Disclaimer - I was provided a review copy from the Promotional Book Tours to facilitate my reviews.
All opinions are my own. This post may contain affiliate links.
The Fairytale Mother
Once upon a time two lives intertwined…
When Andrew Krenshaw’s wife goes missing, terror becomes desperation as he is forced to cope with a world of uncertainty where he has suddenly become a single father, an unfortunate celebrity… a potential murderer.
A hopeful heart.
Melanie Tull has everything she ever wanted in her life… except perhaps love. Her husband is absent and demanding all at once. Her home, a shell of perfection with a cold center. Her life, busy yet vacant.
… Herein lies the tale that binds them.
I really enjoyed reading Fairytale Mother. In some ways I could identify with both Corinne and Melanie as a tired, under-appreciated Mom. I can't say I would make the same decisions either made, but I understood the motivations behind these mother's choices.
Heather Muzik did a great job of playing off of a parent's fear of being alone, physically or emotionally. Both family's story expertly woven together. I found myself wondering what scarred me more, feeling abandoned or alone in a marriage.
The Fairytale Mother is an emotional journey, well written, with characters to either love or hate. It defies assumptions and kept me reading deeper to see what happened. I highly recommend giving this dark tale a try. It won't disappoint.
Interview with Heather Muzik:
Q1 - I love a story with a good twist and was delighted with The Fairytale Mother. What inspired you to write it?
First of all, I am thrilled to hear that you enjoyed my twisted tale. I, too, enjoy a good twist, whether it is in a story, show, movie—you name it. That being said, I must admit that I first came up with the idea for The Fairytale Mother about three years ago as a fairly straightforward dark and emotional journey. The twists and turns and ultimate voice of the story evolved much later, and I think the book and the reader are the better for it.
When it comes to inspiration for my books, a lot of it comes from my own curiosity and fear—looking at disturbing, upsetting, or ethically challenging situations and how they affect the human condition either directly or indirectly. The intricacies of life intrigue me.
Q2 - Who is your favorite character in the book? Who did you have the most fun writing?
Great question! Really putting me on the spot and keeping me on my toes. Hmmm… I would have to say Paul, actually. It isn’t so much that I liked him, but rather that I found him challenging to work with. He is a relatively passive character who is for the most part denied a perspective. I guess I just love how his veiled character is only really understood through the lens of other characters reacting to him; I think it brings life and intensity to the story in such an organic way.
Q3 - Which authors are your favorites or have influenced your writing the most?
As a reader yourself, you know how hard this question is…. Let me see, I would have to say Mark Twain, Jodi Picoult, Joyce Carol Oates, Sue Grafton, Anita Shreve, Ayn Rand, Allan Folsom. There are more, many more—some are authors I have read only a few books from, others I have read their whole catalog, but one thing they all have in common is their stories have resonated with me far longer than the last page.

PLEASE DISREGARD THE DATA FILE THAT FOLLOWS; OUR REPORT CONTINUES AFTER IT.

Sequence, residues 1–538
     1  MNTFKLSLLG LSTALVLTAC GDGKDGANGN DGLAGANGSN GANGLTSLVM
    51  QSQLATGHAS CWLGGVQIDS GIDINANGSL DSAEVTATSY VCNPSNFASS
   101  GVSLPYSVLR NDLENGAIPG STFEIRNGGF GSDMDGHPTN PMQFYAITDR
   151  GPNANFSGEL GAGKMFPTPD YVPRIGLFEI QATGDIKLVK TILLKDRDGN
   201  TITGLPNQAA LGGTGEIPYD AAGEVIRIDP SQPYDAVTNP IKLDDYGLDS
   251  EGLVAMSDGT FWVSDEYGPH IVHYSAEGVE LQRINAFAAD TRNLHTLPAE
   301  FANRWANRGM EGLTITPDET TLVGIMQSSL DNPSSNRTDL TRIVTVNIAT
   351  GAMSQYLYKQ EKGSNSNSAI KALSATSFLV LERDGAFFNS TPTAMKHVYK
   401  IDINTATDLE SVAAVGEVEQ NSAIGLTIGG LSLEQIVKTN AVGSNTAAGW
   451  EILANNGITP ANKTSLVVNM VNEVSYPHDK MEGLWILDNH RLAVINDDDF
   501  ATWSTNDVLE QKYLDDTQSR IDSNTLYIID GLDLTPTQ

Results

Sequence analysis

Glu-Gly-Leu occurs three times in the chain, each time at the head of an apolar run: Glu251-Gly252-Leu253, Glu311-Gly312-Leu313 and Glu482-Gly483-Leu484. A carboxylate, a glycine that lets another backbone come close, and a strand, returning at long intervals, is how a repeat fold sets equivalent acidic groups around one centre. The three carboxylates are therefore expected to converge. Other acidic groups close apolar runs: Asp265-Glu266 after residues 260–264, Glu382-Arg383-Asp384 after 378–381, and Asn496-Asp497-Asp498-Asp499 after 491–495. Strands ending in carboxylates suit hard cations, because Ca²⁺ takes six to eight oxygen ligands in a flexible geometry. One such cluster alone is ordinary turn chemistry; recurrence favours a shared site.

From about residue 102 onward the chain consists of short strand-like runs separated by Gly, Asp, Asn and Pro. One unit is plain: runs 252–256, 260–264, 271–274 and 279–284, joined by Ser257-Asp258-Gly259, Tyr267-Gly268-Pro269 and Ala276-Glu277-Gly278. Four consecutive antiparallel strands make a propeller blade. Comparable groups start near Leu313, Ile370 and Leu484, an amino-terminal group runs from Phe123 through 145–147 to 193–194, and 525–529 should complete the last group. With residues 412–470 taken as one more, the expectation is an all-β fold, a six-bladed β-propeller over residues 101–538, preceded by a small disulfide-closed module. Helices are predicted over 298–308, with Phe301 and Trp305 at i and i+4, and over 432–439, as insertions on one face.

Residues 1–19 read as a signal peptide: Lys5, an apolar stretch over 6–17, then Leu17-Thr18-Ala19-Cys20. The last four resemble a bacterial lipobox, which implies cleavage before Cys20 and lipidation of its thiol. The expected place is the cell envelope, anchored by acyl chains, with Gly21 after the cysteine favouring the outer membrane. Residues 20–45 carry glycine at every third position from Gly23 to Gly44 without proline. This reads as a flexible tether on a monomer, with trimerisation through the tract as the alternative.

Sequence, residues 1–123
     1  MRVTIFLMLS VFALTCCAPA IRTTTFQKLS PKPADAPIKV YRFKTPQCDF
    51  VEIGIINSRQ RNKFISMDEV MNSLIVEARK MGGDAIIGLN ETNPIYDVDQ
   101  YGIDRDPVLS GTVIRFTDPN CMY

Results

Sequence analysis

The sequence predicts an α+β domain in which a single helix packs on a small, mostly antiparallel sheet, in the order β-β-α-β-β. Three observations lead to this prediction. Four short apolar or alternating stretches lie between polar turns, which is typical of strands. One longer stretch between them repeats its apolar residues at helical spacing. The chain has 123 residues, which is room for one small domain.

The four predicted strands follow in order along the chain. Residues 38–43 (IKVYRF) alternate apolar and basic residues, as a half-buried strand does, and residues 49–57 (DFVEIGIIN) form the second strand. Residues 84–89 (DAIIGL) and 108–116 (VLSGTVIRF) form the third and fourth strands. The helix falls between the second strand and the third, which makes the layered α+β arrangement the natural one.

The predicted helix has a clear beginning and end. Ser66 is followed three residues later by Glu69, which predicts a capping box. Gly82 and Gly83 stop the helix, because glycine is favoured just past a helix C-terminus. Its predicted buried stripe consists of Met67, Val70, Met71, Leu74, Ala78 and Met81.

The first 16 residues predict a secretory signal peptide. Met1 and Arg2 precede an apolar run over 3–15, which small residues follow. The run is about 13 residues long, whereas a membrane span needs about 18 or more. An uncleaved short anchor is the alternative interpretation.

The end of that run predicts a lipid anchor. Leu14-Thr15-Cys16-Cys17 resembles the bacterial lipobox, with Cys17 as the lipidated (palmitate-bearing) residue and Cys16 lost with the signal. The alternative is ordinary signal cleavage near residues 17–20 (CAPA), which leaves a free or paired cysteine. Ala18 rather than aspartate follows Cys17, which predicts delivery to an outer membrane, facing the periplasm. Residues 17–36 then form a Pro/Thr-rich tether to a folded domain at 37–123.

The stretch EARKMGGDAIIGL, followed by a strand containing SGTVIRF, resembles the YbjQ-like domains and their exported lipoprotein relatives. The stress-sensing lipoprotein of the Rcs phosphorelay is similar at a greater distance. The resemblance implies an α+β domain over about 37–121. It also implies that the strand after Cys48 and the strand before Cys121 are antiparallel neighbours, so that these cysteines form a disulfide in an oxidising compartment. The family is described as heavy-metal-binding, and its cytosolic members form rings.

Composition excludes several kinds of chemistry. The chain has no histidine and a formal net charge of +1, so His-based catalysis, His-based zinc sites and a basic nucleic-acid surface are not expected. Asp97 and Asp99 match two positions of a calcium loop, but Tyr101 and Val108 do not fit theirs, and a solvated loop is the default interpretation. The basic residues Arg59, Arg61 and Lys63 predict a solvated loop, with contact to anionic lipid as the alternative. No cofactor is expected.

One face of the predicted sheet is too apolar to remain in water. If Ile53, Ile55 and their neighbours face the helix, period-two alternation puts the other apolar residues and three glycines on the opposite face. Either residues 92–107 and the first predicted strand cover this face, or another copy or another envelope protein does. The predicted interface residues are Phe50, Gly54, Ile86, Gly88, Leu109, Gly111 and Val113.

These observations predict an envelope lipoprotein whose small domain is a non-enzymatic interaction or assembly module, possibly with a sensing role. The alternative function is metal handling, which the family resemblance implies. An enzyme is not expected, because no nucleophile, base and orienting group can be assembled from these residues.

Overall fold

As for influences, Stephen King and V.C. Andrews are definitely huge. I started reading both of them about the same time, around age thirteen, and they were elemental in formatting my perceptions of the written word—influencing what I like to read, how I like to be drawn into a story, and to some degree how I write.
Q4 - This was the first book of yours I read. Of course I should read them all, but do you have a favorite? Or a suggestion for following up The Fairytale Mother?
Well, of course I would love for you to read all of my work, but I must say that considering the genre diversity in my catalog, I definitely appreciate your thoughtful interest in taking the next step. I would have to say that The Fairytale Mother is kind of like a bridge between a couple of my books—a perfect place from which to choose your own adventure. On one side is Apathetic, which is a frustrating, wholly disturbing and very twisted coming-of-age story in the shadows of abuse and neglect (and therefore not for everyone). On the other side is Celia’s Journey, which is a tragic and heart wrenching story of loss and grief that is ultimately redemptive. Fairytale marries those two sides and it is up to readers to decide which way to go from there…. Or, if you are like me and like to slip in something fun between the heavy stuff, I have some of that in my bag of tricks too.
Q5 - You mentioned in your bio that you like bacon and my readers love food. So, what is your favorite dish using bacon?
Um… that would be bacon. Unadulterated strips of crispy, chewy goodness. I have a really hard time getting bacon into a recipe because it is so darn good by itself. That being said, I do make grilled cheese with bacon and tomato… and bacon and cheddar stuffed hotdogs are wonderful. And I love BLTs in the summer. Mostly, I like bacon as a garnish—on baked or mashed potatoes, on fries, on nachos, on salad, on ice cream, and on the almighty burger.
Q6 - Anything else you would love to share with my readers?
Yes, there is. I love to connect with readers—my readers, your readers… readers of any sort, any kind, anything. I love chatting, discussing, even arguing about books. So, feel free to connect with me on Goodreads or FB or Twitter or Pinterest, etc. Drop me a line or a laugh… or a recipe (especially easy weekday stuff that’s full of homestyle goodness)!
A big thank you to Heather for taking the time to chat with us and answer these questions. I love hearing directly from the author, don't you?
Connect with Heather: